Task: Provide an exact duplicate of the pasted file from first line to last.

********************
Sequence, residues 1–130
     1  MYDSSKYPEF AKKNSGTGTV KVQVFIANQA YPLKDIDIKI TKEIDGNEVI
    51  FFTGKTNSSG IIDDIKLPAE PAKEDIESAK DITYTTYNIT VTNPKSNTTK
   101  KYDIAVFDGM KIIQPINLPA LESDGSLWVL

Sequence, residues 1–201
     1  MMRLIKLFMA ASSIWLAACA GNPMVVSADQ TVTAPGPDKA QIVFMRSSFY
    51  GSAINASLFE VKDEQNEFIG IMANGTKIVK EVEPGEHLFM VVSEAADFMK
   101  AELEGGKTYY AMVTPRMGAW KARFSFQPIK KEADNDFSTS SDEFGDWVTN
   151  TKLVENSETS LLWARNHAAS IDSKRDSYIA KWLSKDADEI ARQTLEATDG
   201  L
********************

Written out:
Sequence, residues 1–130
     1  MYDSSKYPEF AKKNSGTGTV KVQVFIANQA YPLKDIDIKI TKEIDGNEVI
    51  FFTGKTNSSG IIDDIKLPAE PAKEDIESAK DITYTTYNIT VTNPKSNTTK
   101  KYDIAVFDGM KIIQPINLPA LESDGSLWVL

Sequence, residues 1–201
     1  MMRLIKLFMA ASSIWLAACA GNPMVVSADQ TVTAPGPDKA QIVFMRSSFY
    51  GSAINASLFE VKDEQNEFIG IMANGTKIVK EVEPGEHLFM VVSEAADFMK
   101  AELEGGKTYY AMVTPRMGAW KARFSFQPIK KEADNDFSTS SDEFGDWVTN
   151  TKLVENSETS LLWARNHAAS IDSKRDSYIA KWLSKDADEI ARQTLEATDG
   201  L